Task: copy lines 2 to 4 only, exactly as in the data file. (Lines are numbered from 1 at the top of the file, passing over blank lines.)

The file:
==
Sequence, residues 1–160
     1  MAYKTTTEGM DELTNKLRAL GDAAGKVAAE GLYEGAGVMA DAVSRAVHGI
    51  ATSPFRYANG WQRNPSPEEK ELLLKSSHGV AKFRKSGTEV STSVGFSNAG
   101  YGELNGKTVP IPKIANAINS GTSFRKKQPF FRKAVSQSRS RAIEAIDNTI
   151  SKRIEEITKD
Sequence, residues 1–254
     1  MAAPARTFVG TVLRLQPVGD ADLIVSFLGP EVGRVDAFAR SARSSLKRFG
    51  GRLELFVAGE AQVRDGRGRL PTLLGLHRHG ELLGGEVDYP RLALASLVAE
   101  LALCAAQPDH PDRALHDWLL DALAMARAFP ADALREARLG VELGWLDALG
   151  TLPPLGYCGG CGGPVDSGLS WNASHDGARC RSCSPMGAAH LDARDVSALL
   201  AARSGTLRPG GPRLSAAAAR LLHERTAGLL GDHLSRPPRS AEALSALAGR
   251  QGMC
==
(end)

     1  MAYKTTTEGM DELTNKLRAL GDAAGKVAAE GLYEGAGVMA DAVSRAVHGI
    51  ATSPFRYANG WQRNPSPEEK ELLLKSSHGV AKFRKSGTEV STSVGFSNAG
   101  YGELNGKTVP IPKIANAINS GTSFRKKQPF FRKAVSQSRS RAIEAIDNTI